Here, an investigation on the effects of annealing treatments up to 490 K on adenine overlayers on Cu(110), prepared by dosing at a low deposition rate with the substrate held at room temperature to achieve a medium coverage (θ ~ 0.60 monolayers, ML), is presented. A comparison is made with the deposition on a substrate maintained at 490 K. The features imaged via STM are compared with the geometries of various gas-phase dimers optimized via DFT calculations, allowing us to propose models for the observed structures.

2. Results and Discussion

2.1. Adenine Self-Organization at Low Deposition Rate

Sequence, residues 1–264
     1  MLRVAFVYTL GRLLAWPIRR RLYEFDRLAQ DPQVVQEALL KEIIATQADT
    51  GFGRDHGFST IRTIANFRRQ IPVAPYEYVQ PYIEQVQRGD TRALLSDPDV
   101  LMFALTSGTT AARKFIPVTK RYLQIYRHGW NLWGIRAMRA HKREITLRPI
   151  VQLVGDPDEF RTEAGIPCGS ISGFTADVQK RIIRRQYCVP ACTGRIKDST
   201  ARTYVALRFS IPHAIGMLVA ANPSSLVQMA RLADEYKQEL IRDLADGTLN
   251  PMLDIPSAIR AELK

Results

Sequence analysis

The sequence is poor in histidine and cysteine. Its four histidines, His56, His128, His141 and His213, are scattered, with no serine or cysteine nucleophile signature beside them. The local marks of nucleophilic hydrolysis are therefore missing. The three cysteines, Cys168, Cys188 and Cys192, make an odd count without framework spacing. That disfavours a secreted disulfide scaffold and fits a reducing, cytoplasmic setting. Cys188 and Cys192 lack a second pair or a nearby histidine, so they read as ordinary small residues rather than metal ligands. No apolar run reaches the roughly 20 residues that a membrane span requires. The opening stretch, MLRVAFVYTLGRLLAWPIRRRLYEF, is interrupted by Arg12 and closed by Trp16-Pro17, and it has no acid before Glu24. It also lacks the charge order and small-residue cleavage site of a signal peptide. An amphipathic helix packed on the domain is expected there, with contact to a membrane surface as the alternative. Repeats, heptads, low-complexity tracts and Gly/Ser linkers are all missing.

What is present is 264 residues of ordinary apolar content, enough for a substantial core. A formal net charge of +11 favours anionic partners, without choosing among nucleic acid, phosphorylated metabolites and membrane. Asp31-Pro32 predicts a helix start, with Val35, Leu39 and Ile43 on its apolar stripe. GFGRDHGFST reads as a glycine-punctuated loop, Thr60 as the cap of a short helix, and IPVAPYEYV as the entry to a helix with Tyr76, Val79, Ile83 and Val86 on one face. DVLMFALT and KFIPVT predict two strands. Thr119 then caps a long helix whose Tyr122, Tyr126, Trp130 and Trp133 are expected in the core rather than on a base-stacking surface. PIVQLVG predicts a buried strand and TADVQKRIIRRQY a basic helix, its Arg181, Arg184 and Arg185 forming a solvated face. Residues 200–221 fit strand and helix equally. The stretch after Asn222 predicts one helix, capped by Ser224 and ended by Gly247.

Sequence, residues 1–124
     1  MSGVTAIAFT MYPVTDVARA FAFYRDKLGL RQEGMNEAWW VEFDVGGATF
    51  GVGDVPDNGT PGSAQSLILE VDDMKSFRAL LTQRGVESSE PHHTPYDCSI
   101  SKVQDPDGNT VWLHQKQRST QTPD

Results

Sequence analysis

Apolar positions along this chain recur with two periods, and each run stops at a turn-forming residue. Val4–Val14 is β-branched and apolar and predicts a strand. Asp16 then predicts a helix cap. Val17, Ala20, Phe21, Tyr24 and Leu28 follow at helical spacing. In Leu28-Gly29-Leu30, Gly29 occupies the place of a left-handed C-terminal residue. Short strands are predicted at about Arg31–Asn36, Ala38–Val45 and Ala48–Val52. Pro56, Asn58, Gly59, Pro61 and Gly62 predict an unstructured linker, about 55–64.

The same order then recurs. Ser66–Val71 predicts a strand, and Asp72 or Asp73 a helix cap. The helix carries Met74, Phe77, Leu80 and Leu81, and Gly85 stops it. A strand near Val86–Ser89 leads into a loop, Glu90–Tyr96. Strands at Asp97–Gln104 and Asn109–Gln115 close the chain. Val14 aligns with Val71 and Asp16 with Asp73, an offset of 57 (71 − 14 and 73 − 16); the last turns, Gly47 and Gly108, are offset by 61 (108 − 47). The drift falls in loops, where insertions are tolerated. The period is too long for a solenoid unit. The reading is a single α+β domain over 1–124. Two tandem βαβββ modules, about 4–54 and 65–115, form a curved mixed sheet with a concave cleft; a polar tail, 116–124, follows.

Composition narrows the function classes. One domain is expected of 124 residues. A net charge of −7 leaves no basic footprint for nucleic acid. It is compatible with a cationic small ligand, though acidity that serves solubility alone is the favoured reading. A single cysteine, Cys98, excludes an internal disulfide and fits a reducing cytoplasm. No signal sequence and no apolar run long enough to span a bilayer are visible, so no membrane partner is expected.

Figure 1a,b show STM images of adenine ad-layer structures obtained at a deposition rate of ~0.018 ML/min after deposition and following annealing to 490 K, respectively. Upon deposition, adenine molecules aggregate to form large disordered islands on the terraces (Figure 1a). Within the islands, adenine molecules appear as bright circular features seemingly interacting with surrounding molecules in a relatively random manner, although showing some partial ordering preferentially parallel to the [110] direction. At the island boundaries, some areas of dark contrast are seen; these are likely to represent adsorbate induced surface etching. The surface coverage of adenine is estimated to be about 0.6 ML. The formation of aggregated adenine islands is in contrast with the observation of some smaller distributed adenine clusters formed at the higher deposition rate of ~0.04 ML/min (Figure S1a), which then re-organized into chiral chains upon annealing to 490 K, similar to the structures previously reported [5]. However, after annealing to 490 K the preparations obtained at the slower deposition rate (Figure 1b), additional new molecular assemblies aligned along the [110] equivalent directions can be observed. Figure 1c shows an area where three types of molecular assemblies are identified and are referred as: chiral chains I, which are oriented along the (1, ±2) directions and essentially localized on terraces; single linear chains II, and ladder-like chains III, both found to condense along the substrate step edges, aligned along the [110] azimuth and commonly found adjacent to each other. These ordered adenine chain structures are thermally stable due to the strong adenine-substrate interactions (Figure S1), and our STM images suggest that the desorption of adenine starts upon annealing at 520 K, consistent with previous infrared studies by McNutt et al. [24].